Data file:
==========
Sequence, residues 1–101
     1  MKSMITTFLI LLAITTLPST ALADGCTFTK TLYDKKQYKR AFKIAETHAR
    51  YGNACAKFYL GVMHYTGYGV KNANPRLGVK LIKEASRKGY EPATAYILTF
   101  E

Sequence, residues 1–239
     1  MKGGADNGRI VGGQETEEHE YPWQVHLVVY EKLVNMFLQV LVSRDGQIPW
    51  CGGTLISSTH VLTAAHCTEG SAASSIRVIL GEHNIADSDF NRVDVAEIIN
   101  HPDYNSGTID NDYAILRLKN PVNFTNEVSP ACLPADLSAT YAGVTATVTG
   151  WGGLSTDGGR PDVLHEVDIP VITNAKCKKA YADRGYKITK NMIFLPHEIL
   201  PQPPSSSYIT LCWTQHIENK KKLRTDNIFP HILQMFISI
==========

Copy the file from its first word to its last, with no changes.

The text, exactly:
Sequence, residues 1–101
     1  MKSMITTFLI LLAITTLPST ALADGCTFTK TLYDKKQYKR AFKIAETHAR
    51  YGNACAKFYL GVMHYTGYGV KNANPRLGVK LIKEASRKGY EPATAYILTF
   101  E

Sequence, residues 1–239
     1  MKGGADNGRI VGGQETEEHE YPWQVHLVVY EKLVNMFLQV LVSRDGQIPW
    51  CGGTLISSTH VLTAAHCTEG SAASSIRVIL GEHNIADSDF NRVDVAEIIN
   101  HPDYNSGTID NDYAILRLKN PVNFTNEVSP ACLPADLSAT YAGVTATVTG
   151  WGGLSTDGGR PDVLHEVDIP VITNAKCKKA YADRGYKITK NMIFLPHEIL
   201  PQPPSSSYIT LCWTQHIENK KKLRTDNIFP HILQMFISI